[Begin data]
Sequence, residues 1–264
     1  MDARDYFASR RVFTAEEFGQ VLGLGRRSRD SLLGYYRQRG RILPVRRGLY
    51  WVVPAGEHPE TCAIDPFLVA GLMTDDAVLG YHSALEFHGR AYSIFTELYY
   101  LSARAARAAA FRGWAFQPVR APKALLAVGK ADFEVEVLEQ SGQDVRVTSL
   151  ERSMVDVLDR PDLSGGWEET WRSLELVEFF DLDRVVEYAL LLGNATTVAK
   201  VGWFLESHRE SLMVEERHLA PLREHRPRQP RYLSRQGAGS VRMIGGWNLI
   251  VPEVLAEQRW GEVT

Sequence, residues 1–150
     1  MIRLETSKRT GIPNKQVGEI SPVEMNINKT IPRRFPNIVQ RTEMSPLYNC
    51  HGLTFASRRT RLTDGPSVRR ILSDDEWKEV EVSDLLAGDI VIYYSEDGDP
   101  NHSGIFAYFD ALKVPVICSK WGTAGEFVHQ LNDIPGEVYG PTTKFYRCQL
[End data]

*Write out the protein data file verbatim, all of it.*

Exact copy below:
Sequence, residues 1–264
     1  MDARDYFASR RVFTAEEFGQ VLGLGRRSRD SLLGYYRQRG RILPVRRGLY
    51  WVVPAGEHPE TCAIDPFLVA GLMTDDAVLG YHSALEFHGR AYSIFTELYY
   101  LSARAARAAA FRGWAFQPVR APKALLAVGK ADFEVEVLEQ SGQDVRVTSL
   151  ERSMVDVLDR PDLSGGWEET WRSLELVEFF DLDRVVEYAL LLGNATTVAK
   201  VGWFLESHRE SLMVEERHLA PLREHRPRQP RYLSRQGAGS VRMIGGWNLI
   251  VPEVLAEQRW GEVT

Sequence, residues 1–150
     1  MIRLETSKRT GIPNKQVGEI SPVEMNINKT IPRRFPNIVQ RTEMSPLYNC
    51  HGLTFASRRT RLTDGPSVRR ILSDDEWKEV EVSDLLAGDI VIYYSEDGDP
   101  NHSGIFAYFD ALKVPVICSK WGTAGEFVHQ LNDIPGEVYG PTTKFYRCQL